Advisory Boards Weigh Pros and Cons of Proposed Aura Project

By Staff Reports

A developer contends that the benefits of a high-density mixed-use project it is proposing for the clear-cut lot at the corner of Martin Luther King Jr. Boulevard and Estes Drive will outweigh the drawbacks of an estimated 3,000 additional car trips per day on an already-congested main road.

Some town advisory boards disagree.

Trinsic Residential of Dallas described its proposed Aura development as a mixed-use, transit-friendly project consistent with town goals. Many community members warn that the project will create traffic and flooding problems.

Trinsic has applied for a rezoning to build 375 apartments and 44 townhomes plus a small amount of commercial space on the 16.2-acre property. The developer has pledged to designate 40 housing units as affordable for 30 years. The apartment buildings would have a maximum height of four stories, and the project would be supported by 634 parking spaces, 175 of them in a below-ground deck. There would also be 20 electric vehicle charging stations and 119 bike parking spaces. Access to the development would be via a right-in right-out driveway on MLK and a driveway on Estes that would allow either left or right turns. To alleviate potential traffic backups, the developer is proposing to lengthen the right turn lane on westbound Estes Drive.

The developer has requested that the town rezone the site from its present low-density R-1 status to high-density Office/Instituitional-3 with a conditional zoning overlay. In written materials presented to the town, the developer states that “[t]he new development will be a vibrant transit-oriented mixed-use development” with a variety of housing, a commercial component and substantial green space, as well as proximity to the bus rapid transit line proposed for MLK. Based on this, the developer contends that the project is consistent with the town’s overall Comprehensive Plan and with the principles of the Central West Small Area Plan that was created for this locale in 2013.

At an April 5 meeting of the Transportation and Connectivity Advisory Board, Aura representative Dan Jewell of Coulter Jewell Thames civil engineering firm described the project as “an urban village that provides a walkable destination” and said it was “the best opportunity for transit-oriented development on the MLK-BRT corridor.”

Many nearby residents don’t share that rosy view. They see key issues of traffic congestion and traffic safety on Estes Drive, one of only a few crosstown roads in Chapel Hill. They point out that the addition of approximately 3,000 car trips per day from Aura will cause further congestion at the already jammed Estes-MLK intersection, thus causing delays for commuters and for parents bringing children to the two schools on Estes. Because the state has jurisdiction over both roads, the town is powerless to widen them.

Residents note that the driveway on Estes will be a safety hazard since at rush hour a driver leaving Aura would have only approximately two seconds to cross two lanes of traffic when turning left.

Furthermore, the town’s traffic planning for the area does not include future high-density development of other vacant parcels of land on Estes.

The response to Aura has been mixed as the project moves through evaluation by the town’s advisory boards.

The Housing Advisory Board unanimously recommended approval of the project. Board members “expressed their appreciation for the applicant’s commitment to providing 15 percent of the units as affordable.”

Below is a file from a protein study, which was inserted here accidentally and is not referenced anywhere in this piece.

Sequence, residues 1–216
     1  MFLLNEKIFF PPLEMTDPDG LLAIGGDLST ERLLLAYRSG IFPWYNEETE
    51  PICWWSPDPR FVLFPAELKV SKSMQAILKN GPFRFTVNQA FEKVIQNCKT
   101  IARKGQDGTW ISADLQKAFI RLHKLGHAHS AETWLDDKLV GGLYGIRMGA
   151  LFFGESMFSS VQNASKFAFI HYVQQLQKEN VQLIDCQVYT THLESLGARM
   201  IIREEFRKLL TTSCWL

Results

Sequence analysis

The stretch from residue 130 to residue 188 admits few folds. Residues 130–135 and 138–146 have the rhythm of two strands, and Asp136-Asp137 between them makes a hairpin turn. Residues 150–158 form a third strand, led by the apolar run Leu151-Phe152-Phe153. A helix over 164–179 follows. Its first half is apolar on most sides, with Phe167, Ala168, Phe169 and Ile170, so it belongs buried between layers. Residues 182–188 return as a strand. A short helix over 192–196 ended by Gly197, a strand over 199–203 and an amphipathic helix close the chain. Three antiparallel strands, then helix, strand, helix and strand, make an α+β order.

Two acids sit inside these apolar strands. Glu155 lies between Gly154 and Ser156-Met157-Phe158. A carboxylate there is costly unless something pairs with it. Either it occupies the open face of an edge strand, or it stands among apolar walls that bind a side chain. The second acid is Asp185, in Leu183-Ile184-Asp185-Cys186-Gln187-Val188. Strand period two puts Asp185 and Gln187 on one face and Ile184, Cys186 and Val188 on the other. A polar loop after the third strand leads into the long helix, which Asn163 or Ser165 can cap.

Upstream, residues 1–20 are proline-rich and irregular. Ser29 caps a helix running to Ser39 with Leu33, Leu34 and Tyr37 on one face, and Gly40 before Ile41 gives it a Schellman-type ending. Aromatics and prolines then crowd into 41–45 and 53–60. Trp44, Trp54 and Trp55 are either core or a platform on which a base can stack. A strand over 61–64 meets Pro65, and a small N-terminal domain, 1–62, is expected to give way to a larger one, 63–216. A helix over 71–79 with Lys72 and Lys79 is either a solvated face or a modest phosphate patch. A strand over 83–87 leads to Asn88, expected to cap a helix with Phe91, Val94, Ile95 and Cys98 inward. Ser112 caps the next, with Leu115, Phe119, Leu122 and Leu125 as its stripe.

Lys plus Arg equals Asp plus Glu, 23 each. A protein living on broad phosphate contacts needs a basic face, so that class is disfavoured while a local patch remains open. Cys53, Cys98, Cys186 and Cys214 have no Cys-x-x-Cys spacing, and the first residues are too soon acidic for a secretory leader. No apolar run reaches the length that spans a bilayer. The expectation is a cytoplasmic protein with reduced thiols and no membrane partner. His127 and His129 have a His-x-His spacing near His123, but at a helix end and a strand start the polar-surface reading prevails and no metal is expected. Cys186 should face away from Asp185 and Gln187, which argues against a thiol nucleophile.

At a meeting of the Environmental Stewardship Advisory Board, several local residents expressed concern about runoff and flooding from the property, which is to be 63 percent impervious surface. The developer plans to install a stormwater management system that will accommodate up to 25-year storms. However, some residents questioned whether this would be enough to deal with increasing rainfall due to climate change. This board recommended approval of the project by a vote of 6-4, subject to a number of conditions relating to improvement of plans for stormwater control.

The Transportation and Connectivity Advisory Board unanimously recommended denial of approval of the Aura project. Among the reasons given for the denial were that “[t]he development does not reflect the goals of the Central West Small Area plan. The development does not meet the transit priority goals of the town due to the number of parking spaces and the increase in single occupancy vehicle trips. The Estes Drive site access is a major safety hazard and should be right-in right-out.”

The Planning Commission has heard the Aura presentation and comments from residents but has delayed its decision until its May 5 meeting.

Estes Neighbors, a citizen group, has formed (https://estesneighbors.org/) to oppose Aura in its current iteration. Group members have communicated their concerns to Town Council and at several advisory board meetings.

Estes Neighbors also contends that Aura is not really the mixed-use development recommended in the Central West plan, because 97 percent of its space will be residential and only 3 percent commercial. The group has also termed Aura “a Vehicle Oriented Development not a Transit Oriented Development.” On these grounds they contend that Aura is not consistent with the town’s Comprehensive Plan and should not be approved.

Town Council will open a public hearing for the Aura project at its May 12 meeting. Information on this meeting will be posted at https://chapelhill.legistar.com/Calendar.aspx.

Whether Aura is built or not will clearly have major ramifications for adjacent neighborhoods and for the traffic flow in the area. Residents can express their views on the project at the upcoming public hearing or by email to mayorandtowncouncil@townofchapelhill.org.

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